|Monthly Tech-Tip |
In ceramics, this term refers to certain chemistries that melt at much-lower-than-expected temperatures.
The lowest temperature at which a simple mix of oxides will melt and react to form a transparent glass. Mixtures of SiO2 and the alkalis and alkaline earth oxides are well studied. The temperature at which melting occurs is often an anomaly, that is, it is lower than the melting temperatures of similar mixtures. Lead-tin solder is an example. Lead melts at 327C, tin at 231C. The lowest melting combination is 67 lead, 33 tin (180C).
Generally, eutectics are a matter of academic study, reliance on them is not something designed into ceramic glazes. In fact, the opposite, non-eutectic mixtures, are the rule. All ceramic frits we know of behave in a non-eutectic way, most having a wide melting (or softening) range. This softening phenomenon is beneficial, it is what makes melting glazes hang onto the ware over a wide range of temperature (many must be heated well past the softening range to get mobile melts). Thus, being armed with a carefully calculated recipe to produce a eutectic at a specific temperature does not likely equip one to produce a better transparent base glaze than just using frits. This is because frits have a fundamental advantage: They have been premelted. That fact alone would likely trump the eutectic mix-of-materials (especially if the powder mix is not ball milled well to maximize particle surface area). The frit approach also has the advantage that gases of decomposition have already been expelled, creating a better potential for a transparent glass.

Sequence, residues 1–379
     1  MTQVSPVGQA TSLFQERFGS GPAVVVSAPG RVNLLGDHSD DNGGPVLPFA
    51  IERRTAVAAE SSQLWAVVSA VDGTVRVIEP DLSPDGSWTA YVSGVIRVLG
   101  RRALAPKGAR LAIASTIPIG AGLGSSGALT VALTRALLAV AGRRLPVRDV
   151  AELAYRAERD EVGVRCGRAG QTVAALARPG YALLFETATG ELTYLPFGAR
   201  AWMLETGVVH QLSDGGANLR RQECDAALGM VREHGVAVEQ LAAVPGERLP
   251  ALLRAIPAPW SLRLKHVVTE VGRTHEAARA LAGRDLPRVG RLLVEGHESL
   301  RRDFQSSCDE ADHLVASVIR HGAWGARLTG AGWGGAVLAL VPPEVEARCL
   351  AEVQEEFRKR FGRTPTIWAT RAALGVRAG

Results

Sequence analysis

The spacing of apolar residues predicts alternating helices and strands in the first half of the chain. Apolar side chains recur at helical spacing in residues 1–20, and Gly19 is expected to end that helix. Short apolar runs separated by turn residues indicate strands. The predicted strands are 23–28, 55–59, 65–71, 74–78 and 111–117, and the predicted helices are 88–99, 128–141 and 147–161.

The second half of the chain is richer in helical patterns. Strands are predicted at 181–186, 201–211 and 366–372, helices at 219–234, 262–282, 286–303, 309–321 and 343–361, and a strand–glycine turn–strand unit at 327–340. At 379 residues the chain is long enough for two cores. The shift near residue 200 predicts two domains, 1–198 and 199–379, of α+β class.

An novel method of glaze chemistry is promoted by Bob Magnuson (see link below). He explains how, in eutectic mixtures, all species solidify simultaneously to a clear glass, whereas in non-eutectic ones, excess or uninvolved oxides precipitate and solidify out-of-step. He demonstrates how knowing about eutectics makes it possible to formulate more transparent glazes and addresses the concepts of "combining eutectics" to build better transparent glazes. But the most exciting concept is mathematically subtracting eutectics from the unity molecular formula of stoneware glazes to isolate their mechanisms, or unique characteristics.
We have linked some eutectic mixtures, however these are not verified by any testing we have done. If this area is of interest to you it might be better to seek other sources of information (e.g. phase diagrams).
Eutectic at Wikipedia
Using Eutectics article and calculation workship by Bob Magnuson
German potter Cornelius Breymann investigates limit formulas, eutectics
On this Youtube video Cornelius will take you on a slow and deliberate journey. If you stick with him you will discover how, by industrious blending of feldspar, calcium carbonate and silica we can see what ratios of CaO, SiO2 and Al2O3 (and the materials sourcing them) produce a well-melted high temperature glaze. You will see how the process demonstrates where feldspar comes up short as a glaze by itself and what it needs to be one. And you will see the CaO:SiO2:Al2O3 eutectic demonstrated.
These are theoretical mixtures of oxides, not real materials. Use these to learn about low melting chemistries.
|Materials||Zinc and Cadmium Metasilicate Eutectic|
|Materials||Ca Fluoride & Ca Metasilicate Eutectic|
|Materials||Na & Ca Metasilicate Eutectic|
|Materials||Na & Ba Metasilicate Eutectic|
|Materials||Na & Sr Metasilicate Eutectic|
|Materials||Sodium Metasilicate Eutectic|